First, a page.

When it comes to carrying comic notices or deliberately wearing silly clothes in trials cars, I simply cannot understand the outlook of the crews concerned. Such goings on may arouse a smile at the time, but must do untold harm to the sport in the long run. If you saw folk playing tennis in bowler hats, or golfers bearing “Dig for Victory” or similar inscriptions, you would probably feel you had a perfect justification for being facetious, and so it must be when a public which does not regard trials any too lovingly sees silly, popularity-attracting devices on competition cars. In giving this much good advice, I am very much a man in a glass house throwing brickbats about, and not in a Triplex-glass house either. I have been too lazy to remove dummy hub-caps from one car I owned–fortunately a slow closed carriage, so I did not offend directly against our world— and at one time I used to couple dirty tennis shoes, gloves and helmets and goggles with real enthusiasm, no matter how ordinary the motor. Not owning a Bugatti or a “Floretta” I must have been the laughing-stock of not a few fast drivers, but I willingly admit this, nor shall I feel all the writing I have had the privilege of doing in the past for MOTOR SPORT in vain—military service may soon spell its termination—if only every reader will make a pledge never to offend in these matters, either in his war-time motoring or subsequently. I am not a spoil-sport. I like the loud sports jackets and weird trousers of the men, and the vividly -coloured clothes and startling make-up of the wonderful girls who form the back-cloth of every big motor-racing gathering. While I think racing men should present themselves and their cars in clean condition on the starting line, I know the amateur enthusiast must he allowed his filthy flannel bags and finger smeared motor at the smaller meetings. But I do detest road-motorists attempting to show off by wearing unnecessary clothes or by unnecessarily decking-out their cars, and I do feel definitely homicidal when people cheapen the game by displaying stupid notices on trials cars, or by otherwise acting foolishly in public—it is an unfortunate fact that the latter is not a warning of something that we do not want to happen when competition-motoring is resumed; it happened in the past, for I have seen such notices even in classic M.C.C. trials, and I have seen white overalls worn by a sports-car crew at a very minor speed hill climb, and I can’t forget rally cars of sober performance being over-diced in full view of crowds at the starting points. All this kind of thing really results from thoughtlessness or from translating enthusiasm in the wrong way. However, as in school and college, so in motoring, unwritten laws sometimes present pretty problems. For instance, even though you quite see in how bad taste is an imaginary racing number on your car, you might not realise that to carry actual competition numbers before or after an event is equally wrong. The best trials organisers request the removal of numbers as soon as a driver finishes in, or retires from, a trial, but too often you see rally cars and sports-cars entered for a high speed trial, displaying competition numbers days after the event in question has been decided. On all ordinary cars the background disc or square should also be defaced from the bodywork, although I think a really famous racing-car can justifiably be allowed such adornments, providing a reasonable attempt has been made to wash out the actual numbers. Again, there is the matter of pet car names. When I see things such as “Xexexetus,” “Mrs. Frequently,” or “Icancatchit” blazoned along a bonnet I try to look unconcernedly away; this is surely just as much an outrage against the enthusiasts’ code as anything mentioned so far. But in some cases, if a name that a particular car has made famous, or one which has some definite association with the owners, is quietly displayed, one has to alter one’s view. One of the best kept cars I have ever seen is the all black s.v. Aston-Martin, rebuilt for Forbes by William Lambert. It carries a small nameplate inscribed ” N****r,” beautifully rivetted to the bonnet, which in no way offends against good taste, although the name is only in memory of a well-known o.h.c. racing job of this make which the owner greatly admires. All my cars and most of my friends’ have had stupid pet-names, but we have never had any desire to paint them up in prominent places. Sometimes a clever mascot can serve instead, as with the long arrow which used to ride on the radiator cap of Major Ropner’s racing “30/98” Vauxhall, “Silver Arrow” at Brooklands in ’24. Yet those big pandas or teddy-bears which exotic blondes have a weakness for nursing in rally cars again definitely offend; mercifully most of them go off home soon after the daily Press photographers leave.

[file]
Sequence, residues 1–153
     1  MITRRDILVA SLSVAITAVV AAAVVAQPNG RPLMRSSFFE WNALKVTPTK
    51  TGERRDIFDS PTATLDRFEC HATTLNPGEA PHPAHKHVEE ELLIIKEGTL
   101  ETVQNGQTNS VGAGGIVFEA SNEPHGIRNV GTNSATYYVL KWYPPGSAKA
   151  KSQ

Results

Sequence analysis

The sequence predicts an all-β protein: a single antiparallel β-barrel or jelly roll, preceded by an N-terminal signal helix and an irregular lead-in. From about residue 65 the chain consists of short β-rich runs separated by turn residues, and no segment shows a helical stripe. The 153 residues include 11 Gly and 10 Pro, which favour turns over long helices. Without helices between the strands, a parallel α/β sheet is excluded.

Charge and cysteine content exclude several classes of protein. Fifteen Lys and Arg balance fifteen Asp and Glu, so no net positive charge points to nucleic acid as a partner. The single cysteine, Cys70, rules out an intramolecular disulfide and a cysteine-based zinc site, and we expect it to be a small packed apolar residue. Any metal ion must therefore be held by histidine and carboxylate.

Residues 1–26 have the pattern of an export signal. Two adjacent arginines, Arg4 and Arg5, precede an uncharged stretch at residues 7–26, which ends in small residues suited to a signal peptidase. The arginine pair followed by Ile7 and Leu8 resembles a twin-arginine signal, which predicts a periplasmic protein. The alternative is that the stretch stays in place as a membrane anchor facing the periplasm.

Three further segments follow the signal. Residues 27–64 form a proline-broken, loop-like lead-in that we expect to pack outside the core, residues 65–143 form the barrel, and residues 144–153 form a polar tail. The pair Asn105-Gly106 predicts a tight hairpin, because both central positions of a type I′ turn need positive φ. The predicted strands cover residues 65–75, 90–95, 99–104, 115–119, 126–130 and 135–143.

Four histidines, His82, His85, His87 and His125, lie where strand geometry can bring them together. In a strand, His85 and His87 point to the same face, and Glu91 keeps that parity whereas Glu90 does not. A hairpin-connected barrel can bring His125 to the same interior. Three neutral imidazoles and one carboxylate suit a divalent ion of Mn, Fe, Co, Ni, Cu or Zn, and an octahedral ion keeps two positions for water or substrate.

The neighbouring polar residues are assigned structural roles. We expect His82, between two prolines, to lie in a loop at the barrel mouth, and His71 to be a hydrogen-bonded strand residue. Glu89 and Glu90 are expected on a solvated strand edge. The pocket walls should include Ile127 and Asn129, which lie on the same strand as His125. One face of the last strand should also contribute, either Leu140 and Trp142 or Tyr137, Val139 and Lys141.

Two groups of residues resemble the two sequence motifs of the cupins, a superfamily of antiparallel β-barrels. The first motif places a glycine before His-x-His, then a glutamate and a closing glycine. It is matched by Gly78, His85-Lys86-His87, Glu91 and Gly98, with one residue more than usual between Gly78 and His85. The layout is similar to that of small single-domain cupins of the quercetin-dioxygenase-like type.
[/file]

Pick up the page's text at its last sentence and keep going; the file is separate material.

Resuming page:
Some enthusiasts seem to think that because they cannot own a fast car there is no point in observing the unwritten code. Most emphatically do I disagree. Any car, no matter how humble, if driven by an enthusiast, should be decently handled, properly appointed, and proudly maintained.
When it comes to driving, misplaced enthusiasm is apt to offend against real as well as against unwritten Law, and either way it does our world a power of harm. The more obviously rapid or home-brewed or otherwise unconventional your car, the more unobtrusively and politely should it be driven in populated places. Learn an early lesson from the difference in behaviour between youth on a two-stroke and your really experienced rider on a really hot motorcycle. If you feel a desire to leave black marks on the road for no real purpose, or to make a filthy row “blipping” your throttle, reflect that she probably knows nothing of 0-50 figures and is far more moved by a Robert Taylor postcard than the likeness of your scarf to Birkin’s—and racing drivers do not jab the accelerator idly up and down when warming up, anyway, so why advertise the comparatively low loadings on your rods. When you have learned a lot and commence to enter competitions, do not let the excitement lead you into showing off or seeking cheap publicity; remember that you do not try to find loop-holes in the Regulations unless your factory’s prestige is at stake, and whether you win or lose, do not break-up the hotel furniture just because you are a “racing motorist.” If you do all these things, in my view—and if I have been too lenient or too critical over any or all of these rules I hope I shall be told—in my view, you will be a true follower of the Sport, no matter what your motor; may the open never-ending road be yours again in God’s good time.